Plumbing professionals are needed to diagnose and repair problems with water pipes, fixtures, and appliances. The work can be dangerous, especially if there is a leak or clog.
Plumbers can advance to supervisory roles or move into other specialisations within the construction industry. They also can teach and instruct apprentices to take up the trade.
Work as part of a plumbing team to install, repair and maintain pipes and fixtures. Perform plumbing duties such as reading blueprints, building specifications, interpreting mechanical drawings and sketches, determining layout for pipe systems, and providing recommendations and related pricing to customers.
Plumbers are also responsible for repairing drain lines and sanitation systems like toilets, showers and sinks. They may need to open clogged drains with tools such as electric snakes or high-velocity water jets and test equipment and systems for leaks. Plumbers also deal with human waste, which can cause infections such as cholera, typhoid, hepatitis and polio.
Other responsibilities include picking materials and supplies, cleaning shop / worksites, delivering parts, assisting with installation of kitchen appliances, preparing rough sketches of minor plumbing installations and estimating material and labor costs for small jobs. Plumbers also need to be able to climb ladders and scaffolding and work in confined spaces. They need to communicate with supervisors and other tradespeople and follow written and oral instructions.
Education and Training Requirements
Whether you’re looking for a full college degree program or just some on-the-job training, there are plenty of options. Some vocational schools offer specific plumbing programs while community colleges have a range of trade courses that can help. Alternatively, you can enter the industry via a union or other trade organization apprenticeship.
For example, the UA Local 81 in Ithaca offers five-year plumbing, pipefitting and welding apprenticeships. This option is often considered “the other four-year college degree” and will give you the hands-on experience you need to work in the field. After completing your apprenticeship, you’ll need to take and pass your state’s licensing exam. Once you’ve done so, you can become a journey plumber and begin working independently on jobs. In addition, you’ll need to keep up with ongoing training and earn additional certifications in specialties like green plumbing design. This will improve your career outlook and boost your earning potential. Moreover, you’ll need excellent customer service skills and be comfortable interacting with people.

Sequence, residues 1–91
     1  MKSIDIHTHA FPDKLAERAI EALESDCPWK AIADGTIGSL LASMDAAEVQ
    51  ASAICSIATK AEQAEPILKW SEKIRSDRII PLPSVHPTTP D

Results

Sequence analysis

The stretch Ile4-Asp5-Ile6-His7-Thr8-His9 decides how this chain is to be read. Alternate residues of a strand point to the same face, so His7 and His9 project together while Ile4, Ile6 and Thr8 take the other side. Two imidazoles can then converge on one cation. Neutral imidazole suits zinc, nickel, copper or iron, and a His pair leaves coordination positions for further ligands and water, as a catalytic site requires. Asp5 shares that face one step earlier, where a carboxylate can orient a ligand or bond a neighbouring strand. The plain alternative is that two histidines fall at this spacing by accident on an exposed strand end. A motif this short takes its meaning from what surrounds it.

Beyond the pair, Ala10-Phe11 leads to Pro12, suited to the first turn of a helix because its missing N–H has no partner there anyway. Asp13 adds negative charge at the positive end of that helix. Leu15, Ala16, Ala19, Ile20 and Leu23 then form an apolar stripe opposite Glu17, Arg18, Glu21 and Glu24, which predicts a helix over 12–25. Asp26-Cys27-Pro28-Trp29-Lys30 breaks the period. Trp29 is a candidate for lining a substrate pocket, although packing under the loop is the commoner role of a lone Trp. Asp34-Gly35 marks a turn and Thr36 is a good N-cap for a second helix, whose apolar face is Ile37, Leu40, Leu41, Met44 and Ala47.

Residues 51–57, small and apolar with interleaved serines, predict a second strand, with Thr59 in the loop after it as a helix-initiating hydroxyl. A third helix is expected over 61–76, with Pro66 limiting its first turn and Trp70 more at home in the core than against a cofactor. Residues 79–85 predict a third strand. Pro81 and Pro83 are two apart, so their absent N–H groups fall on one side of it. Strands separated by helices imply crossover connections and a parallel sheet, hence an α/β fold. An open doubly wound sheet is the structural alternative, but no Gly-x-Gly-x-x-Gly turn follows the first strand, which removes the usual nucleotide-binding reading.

Plumbers work both indoors and outdoors, alone or alongside other construction tradespeople. They can be exposed to extreme temperatures, dust, dirt, grease and hazardous fumes. As a result, they need good vision, flexibility and physical strength.
Plumbers also need to be able to solve problems within certain time frames to ensure that projects are completed on schedule. As a result, stress is not uncommon for this job.
Some plumbers learn the trade informally, by working as helpers for experienced journeymen. Others participate in formal apprenticeship programs, which last five years and combine on-the-job training with classroom instruction. Local plumbing contractors and union offices are sources of information about available apprenticeship programs. Plumbers may choose to join trade unions, which negotiate wages and benefits for their members. They may also choose to become self-employed and contract their services directly to customers. This option allows them more control over their work environment and hours. However, it can be more difficult to find steady employment.
The job outlook for plumbers, pipefitters and steamfitters is expected to be very good over the next decade. Demand for their services is projected to increase as new homes and businesses are built, existing homes and businesses undergo renovations, and people comply with stricter water efficiency standards for showerheads and toilets. Installation of sprinkler systems in commercial and residential structures will also create jobs for these professionals.
Plumbing professionals may find employment with general construction firms, plumbing supply companies, specialty contracting firms and private businesses. They also have the option of establishing their own independent service businesses.
Some plumbers choose to join professional organizations. These groups offer educational and career resources, fellowship opportunities and a chance to network with other members of the trade. They also may benefit from special certifications and industry knowledge that they would not otherwise gain on their own. People who work in this field often report a high level of job satisfaction.